6) Do you make a distinction between the law and justice?
Yes. Big time.

7) How do you think legally binding laws generally come to be?
Some dude with power wanted to manifest his power.
 

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1) In a sense, but a necessary one. Like if there was no law, you'd start to see things erode. You see drunk drivers operating motor vehicles in an unsafe way, endangering others more than themselves just for a bit of convenience. You also would have major corporations going nuts by taking advantage of the lack of laws. Laws are a necessary part of a social contract.

3) No, because everyone else would be limited, and also because with no checks on if what I'm doing is sane there literally no way this can end up good.

2) -- only as a more egregious extension of 3). This sort of society would collapse immediately.

4) No, everyone has a few things wrong with them. No one's perfect.

5) See 4.

6) Yes. The law is enforcement of rules. Justice is correct enforcement of rules.

7) There are too many different possible answers for this to give a concise one, sorry.
 

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1. Yes.

2. Yes.

3. I'm not sure, but I'm leaning towards yes.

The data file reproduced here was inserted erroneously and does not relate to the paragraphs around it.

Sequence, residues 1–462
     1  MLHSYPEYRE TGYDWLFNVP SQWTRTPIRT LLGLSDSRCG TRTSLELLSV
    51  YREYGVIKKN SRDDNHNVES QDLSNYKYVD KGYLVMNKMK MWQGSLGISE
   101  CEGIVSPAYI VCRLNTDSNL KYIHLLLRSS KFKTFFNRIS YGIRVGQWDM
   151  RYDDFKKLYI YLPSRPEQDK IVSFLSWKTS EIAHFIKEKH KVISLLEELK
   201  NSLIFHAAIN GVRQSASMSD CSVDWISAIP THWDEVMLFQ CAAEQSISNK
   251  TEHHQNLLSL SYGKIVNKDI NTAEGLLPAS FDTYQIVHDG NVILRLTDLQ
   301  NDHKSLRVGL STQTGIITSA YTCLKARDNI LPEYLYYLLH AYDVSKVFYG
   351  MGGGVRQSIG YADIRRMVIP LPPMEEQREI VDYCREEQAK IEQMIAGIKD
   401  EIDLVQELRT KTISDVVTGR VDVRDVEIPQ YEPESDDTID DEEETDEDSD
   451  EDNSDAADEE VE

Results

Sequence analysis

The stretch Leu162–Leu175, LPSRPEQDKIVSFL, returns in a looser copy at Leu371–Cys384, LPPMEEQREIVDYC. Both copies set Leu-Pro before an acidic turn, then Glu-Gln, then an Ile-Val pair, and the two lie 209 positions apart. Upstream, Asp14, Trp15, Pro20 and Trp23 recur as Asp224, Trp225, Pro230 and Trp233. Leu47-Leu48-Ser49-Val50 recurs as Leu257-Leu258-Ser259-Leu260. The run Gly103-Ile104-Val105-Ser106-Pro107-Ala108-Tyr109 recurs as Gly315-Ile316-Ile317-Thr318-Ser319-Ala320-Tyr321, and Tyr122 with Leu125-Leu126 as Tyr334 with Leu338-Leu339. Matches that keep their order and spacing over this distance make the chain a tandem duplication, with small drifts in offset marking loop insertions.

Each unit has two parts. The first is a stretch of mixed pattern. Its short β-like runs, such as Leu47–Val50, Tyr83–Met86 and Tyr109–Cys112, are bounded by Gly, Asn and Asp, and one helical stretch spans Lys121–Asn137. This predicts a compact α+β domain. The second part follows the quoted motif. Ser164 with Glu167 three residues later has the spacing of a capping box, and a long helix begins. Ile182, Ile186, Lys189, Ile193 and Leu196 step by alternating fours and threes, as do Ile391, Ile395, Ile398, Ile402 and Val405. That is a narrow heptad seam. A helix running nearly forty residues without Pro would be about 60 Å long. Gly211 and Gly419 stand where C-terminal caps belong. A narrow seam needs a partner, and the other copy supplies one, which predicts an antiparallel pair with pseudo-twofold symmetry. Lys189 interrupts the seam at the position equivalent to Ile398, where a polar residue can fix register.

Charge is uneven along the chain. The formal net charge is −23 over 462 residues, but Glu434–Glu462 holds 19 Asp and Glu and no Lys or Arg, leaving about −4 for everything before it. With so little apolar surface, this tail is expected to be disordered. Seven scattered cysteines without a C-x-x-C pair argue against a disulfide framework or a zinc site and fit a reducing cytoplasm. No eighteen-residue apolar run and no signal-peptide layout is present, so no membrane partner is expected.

4. No

5. Yes.

6. Yes. Just because something is against the law does not mean it's wrong.

7. As far as US laws go, I think they were originally to help the people, but in the present, there are too many laws that really have no business being laws.
 

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1) Do you see the law as an obstacle for your autonomy?

Not particularly. I think it has the potential to be an obstacle in years to come, but right now the law is alright.

2) In the event where the law did not exist for all people, do you think you would have autonomy?

No. Well, yes, but no. I would, but it'd be too chaotic for me to enjoy that.

3) In the event where the law did not exist for you but remained for all other people, do you think you would have autonomy?

No. What use is being above the law if I'm the only one?

4) Do you believe all people to be innately benevolent?


No, I think all people are innately people, and benevolent is a subjective term made by people for people.In other words, we can't extrapolate how people "innately" are.
5) Do you believe yourself to be innately benevolent?

No. I am also innately a person. I may be defined as benevolent, but innately I just am.

6) Do you make a distinction between the law and justice?

Yes.

7) How do you think legally binding laws generally come to be?

People came of power over people, and decided to create laws to keep their power.